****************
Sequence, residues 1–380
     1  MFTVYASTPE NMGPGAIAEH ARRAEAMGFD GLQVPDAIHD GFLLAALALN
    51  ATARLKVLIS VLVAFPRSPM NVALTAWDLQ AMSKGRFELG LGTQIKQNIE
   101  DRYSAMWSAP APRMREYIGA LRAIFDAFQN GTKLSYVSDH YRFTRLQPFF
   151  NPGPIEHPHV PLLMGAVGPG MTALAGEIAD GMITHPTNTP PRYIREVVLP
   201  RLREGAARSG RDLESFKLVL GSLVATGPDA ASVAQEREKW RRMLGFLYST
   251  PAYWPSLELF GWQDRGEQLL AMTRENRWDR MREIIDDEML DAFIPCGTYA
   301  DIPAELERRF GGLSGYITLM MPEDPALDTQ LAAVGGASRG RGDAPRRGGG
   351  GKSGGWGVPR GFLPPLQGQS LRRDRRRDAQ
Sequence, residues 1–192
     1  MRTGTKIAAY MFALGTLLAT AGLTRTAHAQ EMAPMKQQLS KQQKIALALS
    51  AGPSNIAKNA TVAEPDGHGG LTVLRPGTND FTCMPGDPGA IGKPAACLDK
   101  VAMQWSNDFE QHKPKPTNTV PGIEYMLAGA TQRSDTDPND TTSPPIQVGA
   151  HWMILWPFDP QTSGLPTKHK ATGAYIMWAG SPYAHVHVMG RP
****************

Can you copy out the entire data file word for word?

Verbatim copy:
Sequence, residues 1–380
     1  MFTVYASTPE NMGPGAIAEH ARRAEAMGFD GLQVPDAIHD GFLLAALALN
    51  ATARLKVLIS VLVAFPRSPM NVALTAWDLQ AMSKGRFELG LGTQIKQNIE
   101  DRYSAMWSAP APRMREYIGA LRAIFDAFQN GTKLSYVSDH YRFTRLQPFF
   151  NPGPIEHPHV PLLMGAVGPG MTALAGEIAD GMITHPTNTP PRYIREVVLP
   201  RLREGAARSG RDLESFKLVL GSLVATGPDA ASVAQEREKW RRMLGFLYST
   251  PAYWPSLELF GWQDRGEQLL AMTRENRWDR MREIIDDEML DAFIPCGTYA
   301  DIPAELERRF GGLSGYITLM MPEDPALDTQ LAAVGGASRG RGDAPRRGGG
   351  GKSGGWGVPR GFLPPLQGQS LRRDRRRDAQ
Sequence, residues 1–192
     1  MRTGTKIAAY MFALGTLLAT AGLTRTAHAQ EMAPMKQQLS KQQKIALALS
    51  AGPSNIAKNA TVAEPDGHGG LTVLRPGTND FTCMPGDPGA IGKPAACLDK
   101  VAMQWSNDFE QHKPKPTNTV PGIEYMLAGA TQRSDTDPND TTSPPIQVGA
   151  HWMILWPFDP QTSGLPTKHK ATGAYIMWAG SPYAHVHVMG RP